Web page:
Poem by Edith Brown Kirkwood, published at least as early as 1913. First inclusion in a Mother Goose collection?


Page 307. Leg Over Leg

    Leg over leg, 
      As the dog went to Dover; 
    When he came to a stile, 
      Jump! he went over. 

Wouldn't it have been just as easy, and more fun and educational, for the illustrator to show kids nowadays what a stile is?


Page 312. Gray Goose

    Gray Goose and gander,
      Waft your wings together
    And carry the king's daughter
      Over the one-strand river.  

Now I'm going beyond my assigned duties here. This one's not new to my collection, nor has TMGR changed anything. I include it mostly because I think it's very nice, and for the daringness of using nothing but "-er" syllables for all of the rhyming.

But the fact that TMGR did not make a change is mildly interesting. A "one-strand" river wouldn't mean much to a modern kid, and they might have changed it to "one-beach", for example, or simply substituted any other fitting adjective. In the first appearance of this rhyme in my collection, the editors apparently tried to help by changing "one-strand" to "one-stand". I was totally baffled until I finally got the correct version.


Page 314. My Little Pink

    My little Pink,
      I suppose you think,
    I cannot do without you,
      I'll let you know before I go,
    How little I care about you.       How I will fare without you. 

TMGR softens the blow of the last line.

This one is new to my collection, but the web indicates it was included in an 1895 book called The True Mother Goose. This is the only case I've found of a "new" rhyme in the third category (see discussion at top) that has already been published in a Mother Goose collection.


Page 316. Dressed in Blue

    Those dressed in blue
      Have loves true;
    In green and white,
      Forsaken quite.

Rhyme original to TMGR? A web search (Sep 2008) showed no indication this rhyme existed prior to the publication of TMGR in 1998.


Page 317. Blue Ribbon

    If you love me, love me true,
      Send me a ribbon, and let it be blue; 
    If you hate me, let it be seen, 
           do not, 
      Send me a ribbon, a ribbon of green.  

"Hate" is a bit strong, isn't it? Note the parallel with the rhyme above: Blue means love; green a lack thereof. (Hey, a new Mother Goose rhyme!)

This was included in a collection of English folk-rhymes at least as long ago as 1892. First inclusion in a Mother Goose collection?


Page 322. There was a little green house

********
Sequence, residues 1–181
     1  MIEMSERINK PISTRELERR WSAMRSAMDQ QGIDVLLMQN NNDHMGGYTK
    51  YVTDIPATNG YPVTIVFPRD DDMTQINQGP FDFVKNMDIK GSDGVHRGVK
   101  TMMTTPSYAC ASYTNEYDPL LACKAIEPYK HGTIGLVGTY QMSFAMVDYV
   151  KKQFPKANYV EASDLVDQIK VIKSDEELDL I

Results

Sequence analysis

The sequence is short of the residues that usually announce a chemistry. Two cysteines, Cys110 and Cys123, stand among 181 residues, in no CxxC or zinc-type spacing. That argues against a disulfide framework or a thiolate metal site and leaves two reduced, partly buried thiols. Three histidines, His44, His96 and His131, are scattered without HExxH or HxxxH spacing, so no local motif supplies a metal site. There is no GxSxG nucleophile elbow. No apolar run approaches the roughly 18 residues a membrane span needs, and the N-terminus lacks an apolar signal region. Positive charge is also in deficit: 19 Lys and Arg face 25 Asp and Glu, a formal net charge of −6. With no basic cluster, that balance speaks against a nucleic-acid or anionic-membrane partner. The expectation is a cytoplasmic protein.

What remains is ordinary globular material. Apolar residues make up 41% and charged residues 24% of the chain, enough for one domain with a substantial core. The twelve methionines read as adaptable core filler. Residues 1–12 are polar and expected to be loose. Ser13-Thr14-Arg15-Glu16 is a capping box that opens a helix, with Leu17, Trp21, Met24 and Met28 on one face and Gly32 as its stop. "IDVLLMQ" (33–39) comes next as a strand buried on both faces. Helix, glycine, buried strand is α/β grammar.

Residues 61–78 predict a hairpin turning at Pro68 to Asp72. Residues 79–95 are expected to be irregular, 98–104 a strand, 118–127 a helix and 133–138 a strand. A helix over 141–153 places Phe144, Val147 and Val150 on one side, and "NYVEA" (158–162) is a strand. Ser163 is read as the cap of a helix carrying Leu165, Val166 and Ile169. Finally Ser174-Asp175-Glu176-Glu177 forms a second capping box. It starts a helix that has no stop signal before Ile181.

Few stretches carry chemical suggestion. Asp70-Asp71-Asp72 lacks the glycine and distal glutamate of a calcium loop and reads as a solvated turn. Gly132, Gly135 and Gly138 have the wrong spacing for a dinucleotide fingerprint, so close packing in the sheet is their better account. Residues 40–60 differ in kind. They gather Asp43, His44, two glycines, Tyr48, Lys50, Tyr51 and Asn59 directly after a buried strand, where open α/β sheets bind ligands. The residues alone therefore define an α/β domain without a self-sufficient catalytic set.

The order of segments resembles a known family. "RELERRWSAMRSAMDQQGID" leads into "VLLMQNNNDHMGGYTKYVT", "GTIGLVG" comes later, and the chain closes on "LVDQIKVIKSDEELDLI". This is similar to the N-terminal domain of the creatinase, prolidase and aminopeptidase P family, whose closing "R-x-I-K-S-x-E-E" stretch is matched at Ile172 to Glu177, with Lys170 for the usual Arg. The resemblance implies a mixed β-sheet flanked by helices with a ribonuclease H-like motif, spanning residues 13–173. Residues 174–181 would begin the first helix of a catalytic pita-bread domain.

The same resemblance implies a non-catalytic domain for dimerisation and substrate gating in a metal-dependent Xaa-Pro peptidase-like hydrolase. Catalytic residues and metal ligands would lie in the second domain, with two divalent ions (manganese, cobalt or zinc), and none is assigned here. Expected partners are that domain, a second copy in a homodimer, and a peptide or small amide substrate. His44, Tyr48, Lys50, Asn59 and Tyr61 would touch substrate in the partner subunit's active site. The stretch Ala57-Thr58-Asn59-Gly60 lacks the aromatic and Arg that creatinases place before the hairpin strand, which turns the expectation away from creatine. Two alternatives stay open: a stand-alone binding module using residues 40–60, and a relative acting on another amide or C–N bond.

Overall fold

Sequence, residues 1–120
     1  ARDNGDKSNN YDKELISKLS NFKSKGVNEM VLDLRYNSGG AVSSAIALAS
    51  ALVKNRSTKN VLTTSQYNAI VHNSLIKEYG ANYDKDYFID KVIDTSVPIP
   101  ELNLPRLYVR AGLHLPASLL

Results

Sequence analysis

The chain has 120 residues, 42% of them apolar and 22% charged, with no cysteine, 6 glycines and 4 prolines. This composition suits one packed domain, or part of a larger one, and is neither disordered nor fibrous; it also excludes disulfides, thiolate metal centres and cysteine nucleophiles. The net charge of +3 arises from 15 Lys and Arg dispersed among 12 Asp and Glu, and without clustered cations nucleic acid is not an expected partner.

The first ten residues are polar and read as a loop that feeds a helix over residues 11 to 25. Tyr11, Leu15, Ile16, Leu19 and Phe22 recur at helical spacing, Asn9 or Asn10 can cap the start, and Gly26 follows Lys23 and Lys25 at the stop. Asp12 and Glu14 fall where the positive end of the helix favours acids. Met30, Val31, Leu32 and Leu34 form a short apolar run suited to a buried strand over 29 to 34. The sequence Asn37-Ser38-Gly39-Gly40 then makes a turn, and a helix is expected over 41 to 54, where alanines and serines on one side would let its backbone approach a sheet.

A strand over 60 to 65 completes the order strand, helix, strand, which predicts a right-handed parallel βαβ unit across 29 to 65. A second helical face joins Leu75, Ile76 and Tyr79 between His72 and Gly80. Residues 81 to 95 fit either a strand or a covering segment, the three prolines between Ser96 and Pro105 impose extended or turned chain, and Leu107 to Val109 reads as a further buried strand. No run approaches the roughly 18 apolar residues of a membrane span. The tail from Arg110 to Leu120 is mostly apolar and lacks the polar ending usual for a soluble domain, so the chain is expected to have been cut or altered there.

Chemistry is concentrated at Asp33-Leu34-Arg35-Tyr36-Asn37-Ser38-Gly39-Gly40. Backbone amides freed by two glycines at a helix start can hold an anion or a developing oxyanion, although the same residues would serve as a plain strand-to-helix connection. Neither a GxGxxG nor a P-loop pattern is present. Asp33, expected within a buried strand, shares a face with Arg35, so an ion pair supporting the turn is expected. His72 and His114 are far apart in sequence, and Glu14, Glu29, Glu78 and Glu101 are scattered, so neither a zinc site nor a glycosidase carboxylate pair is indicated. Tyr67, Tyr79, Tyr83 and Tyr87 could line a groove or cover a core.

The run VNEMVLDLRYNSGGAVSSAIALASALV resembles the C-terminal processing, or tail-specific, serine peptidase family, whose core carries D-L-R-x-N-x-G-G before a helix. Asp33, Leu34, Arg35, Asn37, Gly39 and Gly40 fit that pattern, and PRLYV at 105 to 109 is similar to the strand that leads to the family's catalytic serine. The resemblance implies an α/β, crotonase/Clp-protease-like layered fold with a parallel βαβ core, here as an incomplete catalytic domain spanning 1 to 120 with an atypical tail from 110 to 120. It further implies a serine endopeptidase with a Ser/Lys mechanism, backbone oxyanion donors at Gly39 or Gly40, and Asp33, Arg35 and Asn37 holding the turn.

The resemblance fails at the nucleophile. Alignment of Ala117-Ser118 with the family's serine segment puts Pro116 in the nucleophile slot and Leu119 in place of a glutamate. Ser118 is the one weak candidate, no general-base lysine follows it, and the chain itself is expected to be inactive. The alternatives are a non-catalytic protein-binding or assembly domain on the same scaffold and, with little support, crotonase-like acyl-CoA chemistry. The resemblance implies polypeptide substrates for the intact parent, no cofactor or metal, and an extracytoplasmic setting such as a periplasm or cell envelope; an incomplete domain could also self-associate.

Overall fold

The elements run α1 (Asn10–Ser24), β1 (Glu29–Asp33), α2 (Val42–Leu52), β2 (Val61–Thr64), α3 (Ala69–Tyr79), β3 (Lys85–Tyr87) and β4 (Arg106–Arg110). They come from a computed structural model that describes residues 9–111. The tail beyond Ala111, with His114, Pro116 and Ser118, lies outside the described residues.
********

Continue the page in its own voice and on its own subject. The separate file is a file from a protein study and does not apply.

TMGR misses that this one is a riddle. It's not placed in the Riddle Rhymes section, and the illustration has no connection with the answer to the riddle, a walnut.


Page 324. Jolly Red Nose

    Nose, nose, jolly red nose, 
      And what gave you
    That jolly red nose?
      Nutmeg and ginger, 
    Cinnamon and cloves, 
      That's what gave me 
    This jolly red nose.  

This one is a bit more humorous under the title given in the Oxford Nursery Rhyme Book: "Prevarication".


Page 330. I like little kitty

This is the well-known rhyme, "I love little pussy, her coat is so warm".


Page 337. The Kitten at Play

Extracted from the poem by William Wordsworth. First inclusion in a Mother Goose collection?


Page 339. Kitty cat ate the dumplings

TMGR changes "pussy-cat" to "kitty cat", and "Oh, fie!" to "Oh, my!"

Be aware that TMGR is not consistently squeamish about letting "pussy" stand for what it's always meant. For example, "The Owl and the Pussy-cat" and "Pussy-cat, pussy-cat, where have you been?" remain undoctored.


Page 341. Sing, Sing

    Sing, sing, what shall I sing?
      The cat's run away with the pudding-string. 
                              my shoestring. 
    Do, do, what shall I do? 
      The cat has bitten it quite in two.  

Admittedly, who knows what a pudding-string is anymore? But wouldn't an explanatory note and good illustration do the job? And we might actually learn a little about how people used to live.


Page 345. Two Gray Kits

    The two gray kits, 
      And the gray kits' mother, 
    All went over
      The bridge together. 

    The bridge broke down, 
      They all fell in; 
    "May the rats go with you,"     "Put on your suits, 
      Says Tom Bolin.                 Let's go for a swim."